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On the slopes of 4,200-foot Garfield Peak, Robert Yellow Fox III can gaze down at the charred landscape of the Ashland Divide stretching to the horizon in every direction.

The legacy of last summer’s Ash Creek fire complex doesn’t look too bad now as fresh green grasses poke through ash and a smokeless blue sky hangs overhead. But once the grass cures in summer heat and the glow of the sun gets harsher, black skeletons of dead trees and orange skirts of singed survivors will stand as stark reminders of the worst Montana fire season in more than 100 years.

Yellow Fox, 38, peers beyond the seared hills between Lame Deer and Ashland to two or three generations of future Northern Cheyenne.

“My great-grandchildren should be able to hunt these hills,” the Lame Deer man said.

Yellow Fox is part of Crew C, one of three 10-man crews hired by the Northern Cheyenne Tribe to reforest 9,182 acres burned in the Ash Creek fire and another 8,290 acres consumed in the Black Springs fire complex in 2011.

It’s a quarter past 11 a.m. and in the six hours since his day began, Yellow Fox has already planted about 800 trees. Before the day is finished in early afternoon, he will have put about 1,000 seedlings in the ground.

Crew C admits it’s the slowest of the three teams. Each of its 10 planters sows about 1,000 trees a day. Crew B planters, led by Richard Bear Quiver, average about 1,500 trees each. His cousin, Mary Bear Quiver, heads the planters of Crew A, who each average 2,000 a day.

Fire regularly engulfs large chunks of the southeast Montana reservation, and every spring for the last 13 years Yellow Fox has toiled at the exacting work of rebuilding forests. Others have been at it even longer.

“I’ve walked the whole reservation twice and planted about 3 million trees,” said Clovis Wilson, 51, of Lame Deer. “I’ve been doing this for 22 years. It’s like a spring job. In the fall I pick up pine cones.”

Pine cone recovery in September and October is crucial to restoring Northern Cheyenne forests, said Terry Spang, tribal forester. The cones are sent to the Montana State Forestry Nursery in Missoula, where new trees are sprouted, then frozen for the winter, he said.

In the spring, at about 6 months old, they are packed 25 to a plastic bag, boxed and shipped back to the Northern Cheyenne Forestry Department.

“It works better if we have our own tree stock,” Spang explained.

Seedlings, with their roots tightly bound in a slender root ball about 6 inches long, come from two habitats — the chokecherry and snowberry. Snowberry is slightly drier. Seedlings are returned to their original habitat. Survival rate is between 80 and 90 percent, Spang said.

The tribal forester said planting was delayed about two weeks by cold weather and frozen ground, so there is some urgency in getting the seedlings in the ground.

“These trees can’t wait,” he said. “They’ll die on us.”

Ponderosa pine on the reservation take about 150 years to mature enough to reproduce, Spang said, adding that there are many trees on the reservation 300 to 400 years old.

Working about 12 feet apart, members of the planting crew punch holes in rocky soil and drop a seedling in each.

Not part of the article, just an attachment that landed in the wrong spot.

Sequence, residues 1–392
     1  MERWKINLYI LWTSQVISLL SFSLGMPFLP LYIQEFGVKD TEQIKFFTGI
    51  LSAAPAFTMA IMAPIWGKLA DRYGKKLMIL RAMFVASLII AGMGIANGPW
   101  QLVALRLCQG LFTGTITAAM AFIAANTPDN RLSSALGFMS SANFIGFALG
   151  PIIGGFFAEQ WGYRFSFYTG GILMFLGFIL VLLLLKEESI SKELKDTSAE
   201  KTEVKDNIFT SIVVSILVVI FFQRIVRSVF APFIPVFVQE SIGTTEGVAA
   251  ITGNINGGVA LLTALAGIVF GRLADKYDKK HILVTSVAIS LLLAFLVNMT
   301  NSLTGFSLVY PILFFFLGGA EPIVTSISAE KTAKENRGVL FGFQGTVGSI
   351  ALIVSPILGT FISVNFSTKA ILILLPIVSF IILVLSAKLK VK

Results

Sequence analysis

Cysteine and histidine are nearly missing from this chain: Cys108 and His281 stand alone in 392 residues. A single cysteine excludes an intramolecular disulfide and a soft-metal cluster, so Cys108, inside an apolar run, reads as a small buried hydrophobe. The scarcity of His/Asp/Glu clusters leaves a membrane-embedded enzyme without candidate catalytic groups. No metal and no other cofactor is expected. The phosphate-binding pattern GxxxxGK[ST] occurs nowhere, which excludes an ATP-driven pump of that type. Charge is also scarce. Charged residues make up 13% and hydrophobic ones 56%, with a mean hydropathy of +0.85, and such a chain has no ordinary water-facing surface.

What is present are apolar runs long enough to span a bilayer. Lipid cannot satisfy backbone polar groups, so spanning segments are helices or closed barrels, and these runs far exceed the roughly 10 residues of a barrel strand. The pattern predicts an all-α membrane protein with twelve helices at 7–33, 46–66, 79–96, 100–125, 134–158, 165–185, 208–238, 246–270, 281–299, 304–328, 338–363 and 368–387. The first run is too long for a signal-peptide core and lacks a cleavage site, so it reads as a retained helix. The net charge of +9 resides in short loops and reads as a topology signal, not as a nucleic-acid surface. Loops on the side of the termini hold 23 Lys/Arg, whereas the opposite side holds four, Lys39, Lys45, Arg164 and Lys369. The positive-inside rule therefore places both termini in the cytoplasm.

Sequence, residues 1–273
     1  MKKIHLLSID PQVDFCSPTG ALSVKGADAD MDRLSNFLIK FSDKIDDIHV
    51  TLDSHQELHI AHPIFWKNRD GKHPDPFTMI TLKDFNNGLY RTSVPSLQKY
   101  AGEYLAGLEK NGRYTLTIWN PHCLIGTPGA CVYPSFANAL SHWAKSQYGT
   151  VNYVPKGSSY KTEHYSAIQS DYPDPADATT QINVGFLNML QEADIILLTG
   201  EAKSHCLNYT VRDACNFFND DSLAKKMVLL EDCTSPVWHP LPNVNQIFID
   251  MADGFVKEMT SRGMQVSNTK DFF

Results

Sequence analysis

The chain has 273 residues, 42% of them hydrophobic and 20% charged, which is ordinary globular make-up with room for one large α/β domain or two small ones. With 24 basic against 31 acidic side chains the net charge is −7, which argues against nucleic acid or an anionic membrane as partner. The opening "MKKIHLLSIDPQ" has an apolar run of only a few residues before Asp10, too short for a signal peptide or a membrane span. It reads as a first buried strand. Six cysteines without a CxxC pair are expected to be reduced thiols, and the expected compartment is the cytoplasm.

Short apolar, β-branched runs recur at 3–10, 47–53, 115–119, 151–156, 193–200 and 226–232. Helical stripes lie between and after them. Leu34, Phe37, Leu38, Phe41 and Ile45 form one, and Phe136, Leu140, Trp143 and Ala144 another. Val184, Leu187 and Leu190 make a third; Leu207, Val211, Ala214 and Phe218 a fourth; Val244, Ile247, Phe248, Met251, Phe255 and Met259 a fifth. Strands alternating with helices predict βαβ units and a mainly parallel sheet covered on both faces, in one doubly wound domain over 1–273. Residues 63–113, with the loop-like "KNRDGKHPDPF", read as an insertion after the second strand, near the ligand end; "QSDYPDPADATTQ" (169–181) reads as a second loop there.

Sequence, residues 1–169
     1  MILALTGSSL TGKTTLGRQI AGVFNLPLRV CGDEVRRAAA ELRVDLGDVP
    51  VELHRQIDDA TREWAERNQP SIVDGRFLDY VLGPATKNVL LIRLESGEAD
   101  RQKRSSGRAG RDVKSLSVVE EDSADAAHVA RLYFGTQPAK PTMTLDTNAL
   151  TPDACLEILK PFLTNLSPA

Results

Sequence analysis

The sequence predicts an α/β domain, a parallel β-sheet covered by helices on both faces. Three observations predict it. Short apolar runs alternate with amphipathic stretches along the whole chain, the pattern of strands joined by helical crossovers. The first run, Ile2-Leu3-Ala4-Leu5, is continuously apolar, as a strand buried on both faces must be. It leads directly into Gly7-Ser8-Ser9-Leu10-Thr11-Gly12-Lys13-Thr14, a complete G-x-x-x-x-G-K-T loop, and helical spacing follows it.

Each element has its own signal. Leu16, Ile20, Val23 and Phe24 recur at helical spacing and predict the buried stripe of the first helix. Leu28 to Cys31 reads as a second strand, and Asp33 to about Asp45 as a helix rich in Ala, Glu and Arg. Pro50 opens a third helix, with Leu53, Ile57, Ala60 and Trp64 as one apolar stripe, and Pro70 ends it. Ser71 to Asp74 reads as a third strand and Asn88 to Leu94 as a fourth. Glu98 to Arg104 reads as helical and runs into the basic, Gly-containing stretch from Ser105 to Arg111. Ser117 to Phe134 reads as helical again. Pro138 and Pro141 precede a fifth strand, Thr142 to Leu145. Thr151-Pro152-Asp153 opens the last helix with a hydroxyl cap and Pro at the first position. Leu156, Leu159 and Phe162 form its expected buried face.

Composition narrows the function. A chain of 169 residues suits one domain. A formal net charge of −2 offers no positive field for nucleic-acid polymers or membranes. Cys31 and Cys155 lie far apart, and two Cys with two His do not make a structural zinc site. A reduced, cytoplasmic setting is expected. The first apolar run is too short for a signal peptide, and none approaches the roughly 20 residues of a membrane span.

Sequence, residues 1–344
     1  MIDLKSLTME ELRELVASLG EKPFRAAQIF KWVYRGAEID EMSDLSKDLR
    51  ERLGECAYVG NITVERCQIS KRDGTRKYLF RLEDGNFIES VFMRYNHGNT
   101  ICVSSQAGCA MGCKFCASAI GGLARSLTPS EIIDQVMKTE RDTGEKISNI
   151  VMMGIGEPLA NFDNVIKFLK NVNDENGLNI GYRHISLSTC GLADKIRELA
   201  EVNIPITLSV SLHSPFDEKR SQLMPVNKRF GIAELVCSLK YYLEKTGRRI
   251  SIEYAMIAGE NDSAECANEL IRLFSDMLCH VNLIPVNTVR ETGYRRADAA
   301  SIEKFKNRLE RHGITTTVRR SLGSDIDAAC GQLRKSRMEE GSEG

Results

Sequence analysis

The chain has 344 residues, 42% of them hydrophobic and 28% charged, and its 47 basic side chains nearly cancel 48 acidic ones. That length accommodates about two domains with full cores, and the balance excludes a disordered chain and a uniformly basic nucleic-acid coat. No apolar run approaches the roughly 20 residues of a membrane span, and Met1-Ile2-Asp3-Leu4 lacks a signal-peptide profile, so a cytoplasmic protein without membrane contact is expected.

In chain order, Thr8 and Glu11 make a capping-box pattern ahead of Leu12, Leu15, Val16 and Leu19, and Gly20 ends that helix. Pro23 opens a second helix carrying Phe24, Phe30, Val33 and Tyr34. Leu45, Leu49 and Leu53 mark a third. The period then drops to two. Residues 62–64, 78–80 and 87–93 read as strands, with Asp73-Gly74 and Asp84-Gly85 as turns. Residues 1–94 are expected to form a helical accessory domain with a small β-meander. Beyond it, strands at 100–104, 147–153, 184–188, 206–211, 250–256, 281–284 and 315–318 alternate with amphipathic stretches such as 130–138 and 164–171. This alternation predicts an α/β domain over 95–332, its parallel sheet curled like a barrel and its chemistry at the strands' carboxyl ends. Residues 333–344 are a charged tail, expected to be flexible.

“You have to make sure the spacing’s right,” said Jerome Whitehawk, 43, lead inspector for Crew C. “The root has to be straight down and covered solid.”

Whitehawk has been on a reforestation crew for the last 12 seasons, sometimes covering land that has been reburned and replanted a couple of times already.

“A lot of us have become masters at this,” Yellow Fox said. “We’ve got it measured out in our heads. I know that if I take three steps it’s 12 feet. We have it implanted in our brains.”

Sinking 1,000 trees a day is hard manual labor, said Deana Spotted Eagle, 29, of Birney, who is one of two women working on the crews. Start time is 4:30 each morning, and Sunday is the only day off, she said. They get up early because planting cannot continue once the temperature reaches 75 degrees.

How does she get through it?

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“I don’t think about it; I just don’t think about,” she said, pausing on the hillside a few minutes to let her respiration return to normal.

Spotted Eagle, who works for Head Start when she’s not employed by the Forestry Department, is on her second year with Crew C.

“I do it for our Cheyenne people and Mother Earth,” she said.

Yellow Fox has nothing but praise for Spotted Eagle’s efforts.

“It’s a hard job for a woman,” he said. “She can keep up with me. She’s one of the boys.”

The Ash Creek complex left a dozen families homeless and 245,224 acres scorched, including 43,003 acres on the Northern Cheyenne Reservation. A recovery plan identified more than 9,000 acres that needed reforestation because the hot fire had so thoroughly cooked the forest.

“There are no tree sources left for reseeding,” Spang said. “In places the ash is a foot deep.”

Ash Creek wasn’t the only major fire on the Northern Cheyenne Reservation last summer. Two other fires incinerated big chunks of the 445,000-acre reservation. All totaled, 12,387 acres from that fire season alone is scheduled for reforestation.

Spang said the reseeding projects will take three years and 3.7 million trees. Each tree costs about 30 cents.

Many of those planting trees this spring will spend the summer fighting fire. Some are already in the process of qualifying to join Northern Cheyenne fire crews. It’s a good thing, Spang said.

“The way they are talking, this year might be worse than last year,” he said. “After July, it’s supposed to be really dry.”

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